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BW Businessworld

To Pay Or Not To Pay

This year, consider migrating your portfolio to a fee-based advisor; but do so with a hint of caution. It is still early days for the fiduciary model in India

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As per the securities and exchange Board of India (Sebi) portal, there are a little over 500 registered “Investment Advisors” active in India today. These 500-odd individuals and corporations are spearheading a brave new crop of financial intermediaries in our country; bolstered by a bold belief in their ability to command fees directly from their clients, they have sworn off commissions.

Sebi first rolled out their ‘Investment Advisor’ regulations in 2013, declaring war on the plethora of commission-driven mis-selling practices, which have tormented the ill-fated Indian investor for decades. Essentially, the ambitious regulations call for a clear segregation between the profession of “selling” financial products, and the profession of dispensing advice.

In October 2016, the regulator took matters a step further by releasing a hotly debated consultation paper proposing even stricter, tighter investment advisor regulations. For instance, the flippant usage of terms and designations such as “wealth manager” and “financial advisor” have now come under the Sebi lens, along with mutual fund distributors who earn commissions and provide ‘incidental’ investment advice to their clients.

Sunil Sebastian, founder and chief strategist of Chennai-based Radiant Orchid Investments, is in the process of transforming his practice to a fee-only advisory model. “This will help us institutionalise our positioning as a true fiduciary; offering unbiased, conflict-free recommendations and advice, based on what is most advantageous to the client,” he says. Sebastian plans to apply for a Registered Investment Advisor license by March 2017.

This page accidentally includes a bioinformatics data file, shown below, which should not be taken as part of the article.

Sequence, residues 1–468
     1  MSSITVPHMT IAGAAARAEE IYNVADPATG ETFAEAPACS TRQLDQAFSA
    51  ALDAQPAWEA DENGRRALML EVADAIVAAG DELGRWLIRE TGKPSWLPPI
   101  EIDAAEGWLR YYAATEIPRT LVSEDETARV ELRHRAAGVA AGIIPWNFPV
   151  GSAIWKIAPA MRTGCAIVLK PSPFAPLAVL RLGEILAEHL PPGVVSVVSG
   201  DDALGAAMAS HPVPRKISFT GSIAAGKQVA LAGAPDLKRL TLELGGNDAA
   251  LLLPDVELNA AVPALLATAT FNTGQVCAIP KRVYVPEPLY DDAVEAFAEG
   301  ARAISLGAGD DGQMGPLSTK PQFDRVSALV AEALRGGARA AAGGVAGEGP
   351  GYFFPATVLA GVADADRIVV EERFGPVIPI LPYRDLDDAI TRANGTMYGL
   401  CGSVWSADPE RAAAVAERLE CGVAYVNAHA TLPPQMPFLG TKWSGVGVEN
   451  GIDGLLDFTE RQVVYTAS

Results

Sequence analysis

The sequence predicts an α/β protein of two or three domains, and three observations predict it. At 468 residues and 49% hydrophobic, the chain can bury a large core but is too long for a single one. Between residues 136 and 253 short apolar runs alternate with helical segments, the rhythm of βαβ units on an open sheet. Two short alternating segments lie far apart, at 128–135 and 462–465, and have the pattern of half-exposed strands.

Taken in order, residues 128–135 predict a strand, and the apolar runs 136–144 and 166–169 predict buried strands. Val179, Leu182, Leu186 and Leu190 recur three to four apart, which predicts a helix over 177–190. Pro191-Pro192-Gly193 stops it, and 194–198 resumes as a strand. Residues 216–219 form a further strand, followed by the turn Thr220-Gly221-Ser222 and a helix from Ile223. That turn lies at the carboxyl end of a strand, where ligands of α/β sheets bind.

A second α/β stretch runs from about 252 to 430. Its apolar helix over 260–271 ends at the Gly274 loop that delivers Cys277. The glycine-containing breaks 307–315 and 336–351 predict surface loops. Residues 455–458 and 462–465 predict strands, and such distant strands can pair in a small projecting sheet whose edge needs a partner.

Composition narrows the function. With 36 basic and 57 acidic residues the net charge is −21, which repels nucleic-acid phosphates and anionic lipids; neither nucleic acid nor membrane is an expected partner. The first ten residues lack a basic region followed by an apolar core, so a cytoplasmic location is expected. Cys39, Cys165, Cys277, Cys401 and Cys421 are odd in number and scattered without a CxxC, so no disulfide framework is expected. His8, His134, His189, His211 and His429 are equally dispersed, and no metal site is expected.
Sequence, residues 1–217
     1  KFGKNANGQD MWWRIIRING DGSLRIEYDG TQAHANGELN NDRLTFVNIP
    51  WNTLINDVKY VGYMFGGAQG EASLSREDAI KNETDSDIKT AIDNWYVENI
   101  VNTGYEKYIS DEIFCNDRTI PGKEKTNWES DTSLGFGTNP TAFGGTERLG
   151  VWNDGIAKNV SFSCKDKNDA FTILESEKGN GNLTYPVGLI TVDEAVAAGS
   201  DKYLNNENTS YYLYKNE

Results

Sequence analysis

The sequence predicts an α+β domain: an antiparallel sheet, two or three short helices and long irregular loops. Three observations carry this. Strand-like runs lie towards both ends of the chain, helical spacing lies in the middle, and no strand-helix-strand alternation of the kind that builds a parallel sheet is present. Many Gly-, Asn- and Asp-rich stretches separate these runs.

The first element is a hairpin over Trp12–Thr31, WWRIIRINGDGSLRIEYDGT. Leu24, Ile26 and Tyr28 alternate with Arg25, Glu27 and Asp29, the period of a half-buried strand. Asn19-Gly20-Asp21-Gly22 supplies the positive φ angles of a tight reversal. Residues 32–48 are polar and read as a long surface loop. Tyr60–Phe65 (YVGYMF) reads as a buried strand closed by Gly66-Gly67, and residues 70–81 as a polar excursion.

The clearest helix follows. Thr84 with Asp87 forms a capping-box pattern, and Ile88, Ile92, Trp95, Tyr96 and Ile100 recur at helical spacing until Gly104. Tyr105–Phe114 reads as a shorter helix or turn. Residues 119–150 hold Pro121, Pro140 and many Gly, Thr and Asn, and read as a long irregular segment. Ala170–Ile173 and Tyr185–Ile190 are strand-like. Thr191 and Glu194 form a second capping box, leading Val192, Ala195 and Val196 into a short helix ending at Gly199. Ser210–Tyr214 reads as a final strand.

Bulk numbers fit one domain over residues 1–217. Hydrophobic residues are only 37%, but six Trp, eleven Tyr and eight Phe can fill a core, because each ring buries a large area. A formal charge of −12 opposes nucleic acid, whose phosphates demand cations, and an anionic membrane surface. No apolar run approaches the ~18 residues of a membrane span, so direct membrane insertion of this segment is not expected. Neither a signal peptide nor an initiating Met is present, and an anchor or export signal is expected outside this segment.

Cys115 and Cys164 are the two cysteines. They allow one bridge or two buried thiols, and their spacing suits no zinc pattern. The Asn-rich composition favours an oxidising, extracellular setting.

Besides Sebi registered investment advisors, CFPs (certified financial planners) have long been attempting to reshape the nature of their client dealings to a “fiduciary” nature; a term most clients in India don’t quite understand yet.

Under the fiduciary standard, all conflicts of interest must be disclosed clearly and all dealings between the advisor and the client must be conducted with full transparency. As it stands today, commissions represent the single largest conflict of interest that stands in the way of such an arrangement. An IGIDR (Indira Gandhi Institute of Development Research) paper published in 2013 used public data to estimate that Indian investors incurred a staggering loss of about Rs 1.5 trillion (Rs 1.5 lakh crore) owing to mis-selling of life insurance products alone, between 2004 and 2012!

Ranjeet S. Mudholkar, vice chairman and CEO of Mumbai-based Financial Planning Standards Board India (FPSB India) cautions investors against seeking out ‘free’ financial advice. “The free might actually be costlier, and prove to be expensive eventually,” he warns.